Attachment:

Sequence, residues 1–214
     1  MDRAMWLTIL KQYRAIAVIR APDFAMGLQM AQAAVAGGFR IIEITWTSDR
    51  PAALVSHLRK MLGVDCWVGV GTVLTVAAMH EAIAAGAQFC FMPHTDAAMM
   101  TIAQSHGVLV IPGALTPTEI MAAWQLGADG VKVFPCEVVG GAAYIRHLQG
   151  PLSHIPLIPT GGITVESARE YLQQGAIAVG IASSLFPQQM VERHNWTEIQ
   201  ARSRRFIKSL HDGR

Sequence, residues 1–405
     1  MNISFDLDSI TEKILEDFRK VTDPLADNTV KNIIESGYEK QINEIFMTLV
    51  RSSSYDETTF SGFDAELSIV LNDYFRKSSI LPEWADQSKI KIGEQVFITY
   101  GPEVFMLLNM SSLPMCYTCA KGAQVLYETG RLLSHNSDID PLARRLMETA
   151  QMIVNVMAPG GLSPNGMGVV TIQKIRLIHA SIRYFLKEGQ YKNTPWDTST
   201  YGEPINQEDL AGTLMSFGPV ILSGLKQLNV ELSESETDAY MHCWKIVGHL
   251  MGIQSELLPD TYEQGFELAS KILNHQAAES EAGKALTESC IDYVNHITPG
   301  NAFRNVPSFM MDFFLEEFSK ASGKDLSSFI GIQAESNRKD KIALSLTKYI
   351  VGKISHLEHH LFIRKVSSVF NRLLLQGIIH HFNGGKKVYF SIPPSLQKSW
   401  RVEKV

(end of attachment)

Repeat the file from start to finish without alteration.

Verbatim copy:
Sequence, residues 1–214
     1  MDRAMWLTIL KQYRAIAVIR APDFAMGLQM AQAAVAGGFR IIEITWTSDR
    51  PAALVSHLRK MLGVDCWVGV GTVLTVAAMH EAIAAGAQFC FMPHTDAAMM
   101  TIAQSHGVLV IPGALTPTEI MAAWQLGADG VKVFPCEVVG GAAYIRHLQG
   151  PLSHIPLIPT GGITVESARE YLQQGAIAVG IASSLFPQQM VERHNWTEIQ
   201  ARSRRFIKSL HDGR

Sequence, residues 1–405
     1  MNISFDLDSI TEKILEDFRK VTDPLADNTV KNIIESGYEK QINEIFMTLV
    51  RSSSYDETTF SGFDAELSIV LNDYFRKSSI LPEWADQSKI KIGEQVFITY
   101  GPEVFMLLNM SSLPMCYTCA KGAQVLYETG RLLSHNSDID PLARRLMETA
   151  QMIVNVMAPG GLSPNGMGVV TIQKIRLIHA SIRYFLKEGQ YKNTPWDTST
   201  YGEPINQEDL AGTLMSFGPV ILSGLKQLNV ELSESETDAY MHCWKIVGHL
   251  MGIQSELLPD TYEQGFELAS KILNHQAAES EAGKALTESC IDYVNHITPG
   301  NAFRNVPSFM MDFFLEEFSK ASGKDLSSFI GIQAESNRKD KIALSLTKYI
   351  VGKISHLEHH LFIRKVSSVF NRLLLQGIIH HFNGGKKVYF SIPPSLQKSW
   401  RVEKV